Denmark has a centralised data system for recording all waste streams, and although its accuracy is sometimes called into question, the presence of a complete, unified data system puts Denmark in a uniquely advantageous situation compared to most other countries in the world.
Despite the database being exceptional in an international context, it is yet to be made accessible to companies and local governments in a clear and user-friendly way. Data visualization can be a powerful tool to drive sustainable change. Making the existing data available and readable in real time would allow local governments and businesses to see for themselves just how much valuable material they are wasting. It could also facilitate collaboration and highlight potential solutions.
There are many business advantages to such a platform. A well-designed database would allow companies and municipalities to see how much potential value is in their waste streams. The platform could even automatically highlight valuable materials in a business’ waste that they could then potentially get money for. It would also be possible to look for other companies in the area that have similar waste streams, to pool together for easier and cheaper waste management and waste collection. The biggest potential gain would be when a company could use local waste as an input, for example unsold bread from local bakeries could be turned into beer at a local brewery, or used office coffee grounds to feed mushrooms.
The Dutch initiative Afval Monitor is an example of a digital platform which uses and shares waste data in an accessible way. Organizations can access open data on municipal waste streams, to better understand waste on a municipal, regional or national level. This is a great example of sharing and visualizing waste data. Denmark’s centralised data system would allow the country to go even further, showing more detail and highlighting more opportunities for creative reuse of waste.
Hotspot 4: Challenging lock-ins
The Danish waste system has been structured in roughly the same way since the 1980s, with the goal to make landfill as unattractive as possible. Over this period, the Danes have become global leaders in efficient waste incineration, and their systems have been exported across the world.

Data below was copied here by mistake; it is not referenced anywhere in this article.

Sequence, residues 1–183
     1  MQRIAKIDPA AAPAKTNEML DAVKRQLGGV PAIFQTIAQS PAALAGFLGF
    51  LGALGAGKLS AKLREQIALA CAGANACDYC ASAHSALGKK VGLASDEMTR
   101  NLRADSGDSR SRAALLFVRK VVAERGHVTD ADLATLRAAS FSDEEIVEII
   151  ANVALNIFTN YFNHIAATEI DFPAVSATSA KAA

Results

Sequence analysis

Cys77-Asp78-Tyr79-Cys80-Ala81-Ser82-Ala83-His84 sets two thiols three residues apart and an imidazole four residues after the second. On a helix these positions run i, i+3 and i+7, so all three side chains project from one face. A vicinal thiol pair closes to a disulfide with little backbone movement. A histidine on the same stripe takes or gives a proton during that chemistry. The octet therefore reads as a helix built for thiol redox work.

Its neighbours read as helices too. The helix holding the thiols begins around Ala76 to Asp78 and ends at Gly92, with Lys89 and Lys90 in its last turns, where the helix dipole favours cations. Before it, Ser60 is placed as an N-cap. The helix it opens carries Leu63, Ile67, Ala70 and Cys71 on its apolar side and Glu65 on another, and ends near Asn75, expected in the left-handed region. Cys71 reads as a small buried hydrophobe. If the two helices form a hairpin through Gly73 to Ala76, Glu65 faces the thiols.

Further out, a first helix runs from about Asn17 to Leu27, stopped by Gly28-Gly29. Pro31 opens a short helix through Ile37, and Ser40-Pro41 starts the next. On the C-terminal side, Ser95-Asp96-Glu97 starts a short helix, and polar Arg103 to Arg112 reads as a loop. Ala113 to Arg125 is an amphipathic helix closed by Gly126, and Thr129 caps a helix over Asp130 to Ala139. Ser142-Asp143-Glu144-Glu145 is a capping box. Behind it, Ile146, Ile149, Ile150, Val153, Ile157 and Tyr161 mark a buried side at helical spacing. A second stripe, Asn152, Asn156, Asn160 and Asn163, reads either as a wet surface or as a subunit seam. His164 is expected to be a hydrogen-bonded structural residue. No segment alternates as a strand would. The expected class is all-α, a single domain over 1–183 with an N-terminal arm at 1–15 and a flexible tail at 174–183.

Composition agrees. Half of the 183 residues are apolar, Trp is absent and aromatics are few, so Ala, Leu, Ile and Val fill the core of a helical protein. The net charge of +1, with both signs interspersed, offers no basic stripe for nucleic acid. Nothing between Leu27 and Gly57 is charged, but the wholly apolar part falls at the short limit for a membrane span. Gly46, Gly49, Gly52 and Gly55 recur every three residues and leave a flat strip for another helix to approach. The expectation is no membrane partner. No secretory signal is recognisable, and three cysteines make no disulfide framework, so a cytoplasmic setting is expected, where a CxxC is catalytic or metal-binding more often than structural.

With the emergence of the circular economy, however, the rationale behind waste incineration has been called into question. Burning resources recaptures a very small percentage of the energy needed to make these resources. Recycling or upcycling, on the other hand, decreases the need for new virgin materials and conserves the energy, time and labour which went into making these products.
Fortunately, clear targets have been set to increase recycling rates. But the current incineration plants were expensive to build, and require large amounts of waste to maintain operational efficiency. The institutional and political momentum which has gone into these large incinerators creates a degree of “lock-in”. Adding to this is the fact that waste is one of the cheapest sources of heating in Denmark’s capital district, providing 25 percent of all district heating in the country. The plants have become so efficient that, with the current waste collection system, almost no recycling processes can compete in terms of value per tonne of waste.
The Danish Island of Bornholm, named the most sustainable island in the EU in 2020, is attempting to break this lock-in. They have made a political commitment to stop incineration completely by 2032, forcing themselves to find solutions. This may spur a sea change across the national waste system.
As a nation, however, there will likely always be some need for incineration, as not every product or material can be recycled. An ideal balance to strike is one where we recycle as much as possible, and incinerate only what cannot be recycled. One way to achieve this is through taxing incineration more highly than recycling, which is how Denmark successfully achieved one of Europe’s lowest landfilling rates in the 1980s.
Due to Denmark’s high incineration capacity, a drastic decrease in waste for incineration will result in demand for waste imports, or the closing of functioning plants. One way to tackle this in the short-to-medium term would be to temporarily import waste from neighbouring countries until the end of the major plants’ life cycles, reducing landfilling rates in other parts of Europe. An important caveat though: to avoid shifting the burden and creating a new problem, it is crucial that all imported waste sent to the incinerator could not otherwise have been recycled.
The future of waste management
In the same way that our fossil-fuel based energy economy is in need of an overhaul, so too are our waste systems. And if we are to move towards a truly circular economy, cities and regions will need to challenge the lock-in mechanisms that define our current waste systems.
To change the system, we must change its goals. Current recycling goals encourage a blanket proportion of all materials to be recycled, for example 40%. Future recycling targets should be more nuanced, taking into account the type of material being recycled, the amount of value being conserved, the recovery rate of the material from the waste stream, and the environmental impact of virgin materials. Giving recycling a circularity score relative to how valuable it is for society to recycle materials can make decisions more nuanced and context-specific.
At the same time, policymakers need the tools to make meaningful decisions and spot the most valuable leverage points. As we see with the island of Bornholm, communities can also drive meaningful change to systems, and help inspire the broader national or EU-wide legislation. Commitment at all levels is necessary, in order to make the transition to a truly circular waste management system.